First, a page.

Despite being unable to align the planets, choose the perfect point in life or brief our eggs or sperm on exactly when to meet, the debate rages on – most recently thanks to this recent media coverage on the matter, suggesting women should try for a baby before aged 30.
So when is the right – and best – time to have a baby? From the time of year to the time of life, there are many opinions. I see it crop up regularly – as well as in the media – on websites and forums, and amongst family and friends. I have partaken, I have listened and I have accepted that timing is, of course, the most vital thing. Not the everything-changing child itself you understand, the timing is what really matters.
With so many factors to consider, when is the best time in life to have a baby? Get those reflecting caps on and face inwards – it’s time to take a good look at yourself.
Don’t have children too young – you need to experience many years of drinking and irresponsible behaviour in order to be a good parent.
Don’t have children when older because you won’t have enough energy for, well, any of it.
Don’t wait until you’ve ticked the settled down, happy ever after box to have children; you might have gammy eggs. These are entirely different from gammon and eggs. Act now!
Don’t have children if you’re single. Remember your eggs might not be gammy and of course, everyone should be in a relationship, right? Independence is so passé.
Don’t have children unless you are in peak physical health (a baby taking over both your body and entire life will not mess then this up, I promise).
Don’t have a baby before you are in possession of a marriage certificate and an over-sized photo of you rocking old, new, borrowed and blue. It is definitely relevant to your parenting and the alternate just isn’t acceptable.
Don’t have children unless you are in the money. You can’t parent children with low material status as they require twenty pound notes for comforters and silver spoons for their puree.
Then, there’s the time of year of course – just as imperative. To be safe, it is probably best to avoid the following months (you have been warned):
January: Everyone will spend your child’s birthday in a post-Christmas black mood and their gifts will be battered sales toys from the bargain bin.
February: Too cold and you might get stuck in the snow on the way to hospital. Delivering in the car is NOT as glamorous as it sounds.
March: Unless you take extended maternity leave, you risk returning to work right before Christmas. Son of a nutcracker, how depressing would that be?
April: Child’s birthday might – at any point – be overshadowed by Easter Sunday or even worse, Good Friday. Damn you solar and lunar calendar issues.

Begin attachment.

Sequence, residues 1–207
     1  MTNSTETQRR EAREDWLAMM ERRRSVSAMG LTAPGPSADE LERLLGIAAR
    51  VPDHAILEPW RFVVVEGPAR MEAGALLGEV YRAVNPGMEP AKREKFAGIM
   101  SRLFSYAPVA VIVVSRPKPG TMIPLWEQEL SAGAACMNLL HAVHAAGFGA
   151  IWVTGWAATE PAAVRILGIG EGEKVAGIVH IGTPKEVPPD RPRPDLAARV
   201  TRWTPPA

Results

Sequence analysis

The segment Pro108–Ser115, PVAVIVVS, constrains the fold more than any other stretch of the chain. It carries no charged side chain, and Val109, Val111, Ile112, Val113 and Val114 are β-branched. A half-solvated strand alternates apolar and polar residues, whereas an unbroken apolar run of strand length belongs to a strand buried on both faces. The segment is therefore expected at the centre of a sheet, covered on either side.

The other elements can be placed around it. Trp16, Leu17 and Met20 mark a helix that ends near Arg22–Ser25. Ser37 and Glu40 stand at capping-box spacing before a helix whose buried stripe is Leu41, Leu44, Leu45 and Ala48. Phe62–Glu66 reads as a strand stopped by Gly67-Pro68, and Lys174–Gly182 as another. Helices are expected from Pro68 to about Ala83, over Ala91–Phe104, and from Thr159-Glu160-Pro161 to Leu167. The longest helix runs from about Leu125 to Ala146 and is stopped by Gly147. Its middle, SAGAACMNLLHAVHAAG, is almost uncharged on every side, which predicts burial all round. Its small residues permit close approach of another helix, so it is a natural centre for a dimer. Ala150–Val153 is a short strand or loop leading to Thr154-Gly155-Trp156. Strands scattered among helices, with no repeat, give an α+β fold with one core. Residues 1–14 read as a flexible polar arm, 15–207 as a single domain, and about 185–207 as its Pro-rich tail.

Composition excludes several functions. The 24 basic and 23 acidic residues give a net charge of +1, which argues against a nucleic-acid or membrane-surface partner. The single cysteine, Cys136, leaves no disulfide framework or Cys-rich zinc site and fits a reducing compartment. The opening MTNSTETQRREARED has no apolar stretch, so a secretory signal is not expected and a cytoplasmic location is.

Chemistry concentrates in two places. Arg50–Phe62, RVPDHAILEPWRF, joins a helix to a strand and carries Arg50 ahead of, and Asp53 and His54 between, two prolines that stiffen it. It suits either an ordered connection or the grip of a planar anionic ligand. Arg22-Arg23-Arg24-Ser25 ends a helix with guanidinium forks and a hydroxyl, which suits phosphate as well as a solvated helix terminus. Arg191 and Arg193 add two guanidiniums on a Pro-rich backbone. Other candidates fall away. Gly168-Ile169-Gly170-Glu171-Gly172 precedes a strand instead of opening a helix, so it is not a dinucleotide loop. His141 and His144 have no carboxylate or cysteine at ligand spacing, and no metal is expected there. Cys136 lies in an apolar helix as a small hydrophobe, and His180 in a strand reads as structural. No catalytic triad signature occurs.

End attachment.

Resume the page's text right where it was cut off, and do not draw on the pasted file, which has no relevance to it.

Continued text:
May: Exam season. Do you really want your child to spend their landmark 16th birthday in a drafty school hall with a racing heart and dry mouth? I’m still scarred from when it happened to me. I think it happened anyway; perhaps like many victims of trauma, I blocked it out.
June: It will rain at the outdoor birthday party you plan, because it’s Britain, and that’s what happens in June. And if it doesn’t, hay fever will strike instead causing a sneeze fest all over the fairy cakes.
July: A birthday! In the school holidays! What are you thinking? Do you actually desire a pathetic turn-out for your child’s party? Come on now.
August: Your child will be the youngest in the school. This is really terrible, err, apparently. They will have a massive eleven years to even out with their taller counterparts but you should be mindful and extra anxious regardless.
September: As the oldest in the school, expectations on your child to be a genius will be overwhelming. Also, an extra year at home with them? Bit much really.
October: Two words: Halloween curse. You must consider every eventuality.
November: Too rainy a month to bring a baby into the world. Oh, and all the good birthday cards have been replaced with glittery Christmas junk in the shops.
December: They’ll never get a look-in next to Jesus. Or all the frivolity, merriment and tinsel. Plus, most vitally, you risk going into labour before you’ve had chance to finish your turkey. Big picture.
So the best time to have a baby? It would seem there is no easy answer. So you could just not. Or, perhaps less dramatically, you could combine the right time for you with the universe granting it.*
And although I’m part of the infertility stats, I am pretty set on the theory that there is enough to deal with around starting a family without slinging guilt and pressure at young women doing the things they are entitled to do – you know – experiencing life and building their futures at their pace.
And there are actually much more important things than trying to plan for perfect. Family life is what you make it, and all the more special for its realities. Let us support one another in the paths we take – be it through choice or circumstance – and be thankful that we live in a land where we have free will, not just expectation and biological ideals placed upon us all.
*Failing that, there will always be some random in the newspaper or the supermarket declaring when it is correct to become impregnated. And you should always heed to words of total stranger.
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